The relationship between the dietary inflammatory index (DII ®) and incident depressive symptoms: A longitudinal cohort study

J Affect Disord. 2018 Aug 1;235:39-44. doi: 10.1016/j.jad.2018.04.014. Epub 2018 Apr 4.


Background: Diet is a common source of inflammation, and inflammation is associated with depression. We examined the association between the dietary inflammatory index (DII®), a validated measure of inflammatory potential of the diet, and risk of depression in a cohort of older North American adults.

Methods: This longitudinal study, with a follow-up of 8 years, included 3648 participants (1577 males, 2071 females; mean age: 60.6 years) with/at risk of knee osteoarthritis. DII® scores were calculated using the validated Block Brief 2000 Food-Frequency Questionnaire. Center for Epidemiological Studies Depression-20 scale was used to define depressive symptoms. The relationship between baseline DII® score and incident depression was assessed through Cox's regression analysis, adjusted for potential confounders, and reported as hazard ratios (HRs).

Results: In total, 837 individuals (310 men and 527 women) developed incident depressive symptoms over the course of 8 years. Participants in the most pro-inflammatory group (quartile 4) had approximately 24% higher risk of developing depressive symptoms compared to subjects with the most anti-inflammatory diet (HR: 1.24; 95% CI: 1.01-1.53; p = 0.04).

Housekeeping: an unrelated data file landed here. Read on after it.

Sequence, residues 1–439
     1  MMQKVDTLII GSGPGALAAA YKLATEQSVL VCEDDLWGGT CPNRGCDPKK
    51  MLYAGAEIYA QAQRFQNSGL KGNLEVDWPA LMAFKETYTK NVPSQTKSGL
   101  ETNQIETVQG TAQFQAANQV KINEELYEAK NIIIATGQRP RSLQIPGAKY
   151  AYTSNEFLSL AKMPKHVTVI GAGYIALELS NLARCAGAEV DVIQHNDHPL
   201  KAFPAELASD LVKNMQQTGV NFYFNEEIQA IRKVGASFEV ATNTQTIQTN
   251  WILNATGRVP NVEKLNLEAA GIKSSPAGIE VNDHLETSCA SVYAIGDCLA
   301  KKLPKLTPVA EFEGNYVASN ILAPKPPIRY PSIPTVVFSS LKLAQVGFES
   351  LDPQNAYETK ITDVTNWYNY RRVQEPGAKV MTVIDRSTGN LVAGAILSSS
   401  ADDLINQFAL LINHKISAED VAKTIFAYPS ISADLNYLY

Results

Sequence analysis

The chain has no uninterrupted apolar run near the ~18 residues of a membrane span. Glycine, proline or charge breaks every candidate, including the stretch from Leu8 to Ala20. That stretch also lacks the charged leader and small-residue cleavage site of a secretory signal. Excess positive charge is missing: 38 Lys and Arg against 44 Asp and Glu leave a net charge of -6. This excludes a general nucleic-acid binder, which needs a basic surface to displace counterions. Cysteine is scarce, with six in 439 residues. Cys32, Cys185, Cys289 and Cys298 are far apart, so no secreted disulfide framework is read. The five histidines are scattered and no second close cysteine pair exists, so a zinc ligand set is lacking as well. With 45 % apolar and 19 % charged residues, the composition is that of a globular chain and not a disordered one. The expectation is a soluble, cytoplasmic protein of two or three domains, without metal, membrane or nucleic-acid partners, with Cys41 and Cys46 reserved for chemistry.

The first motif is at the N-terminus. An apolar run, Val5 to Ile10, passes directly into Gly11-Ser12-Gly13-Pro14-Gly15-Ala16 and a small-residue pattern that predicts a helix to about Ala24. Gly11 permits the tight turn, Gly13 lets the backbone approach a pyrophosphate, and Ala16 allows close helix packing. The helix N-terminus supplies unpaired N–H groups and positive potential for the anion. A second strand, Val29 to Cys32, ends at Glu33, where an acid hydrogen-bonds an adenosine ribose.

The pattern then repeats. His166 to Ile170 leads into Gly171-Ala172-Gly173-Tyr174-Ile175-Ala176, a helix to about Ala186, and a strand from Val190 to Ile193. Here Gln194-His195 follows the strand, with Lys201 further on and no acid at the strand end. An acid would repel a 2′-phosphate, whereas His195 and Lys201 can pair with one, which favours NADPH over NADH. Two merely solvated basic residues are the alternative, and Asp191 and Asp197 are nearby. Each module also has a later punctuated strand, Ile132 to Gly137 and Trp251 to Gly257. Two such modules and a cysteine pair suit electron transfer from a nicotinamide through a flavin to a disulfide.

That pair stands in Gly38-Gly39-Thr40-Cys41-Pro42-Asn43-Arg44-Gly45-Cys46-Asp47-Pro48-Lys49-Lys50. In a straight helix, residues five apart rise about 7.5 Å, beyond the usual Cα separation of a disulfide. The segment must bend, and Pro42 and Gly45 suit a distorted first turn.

Conclusion: These results suggest that a pro-inflammatory diet may be associated with higher incidence of depressive symptoms in a cohort of older Americans. Transitioning to a more anti-inflammatory diet may reduce depression risk.

Keywords: Depression; Health behavior; Neuroimmunology; Old age.

Publication types

  • Research Support, N.I.H., Extramural
  • Research Support, Non-U.S. Gov't

MeSH terms

  • Adult
  • Aged
  • Cohort Studies
  • Depression / epidemiology
  • Depression / etiology*
  • Diet / adverse effects*
  • Diet Surveys / statistics & numerical data*
  • Female
  • Follow-Up Studies
  • Humans
  • Incidence
  • Inflammation / etiology
  • Inflammation / psychology*
  • Longitudinal Studies
  • Male
  • Middle Aged
  • Proportional Hazards Models
  • Psychiatric Status Rating Scales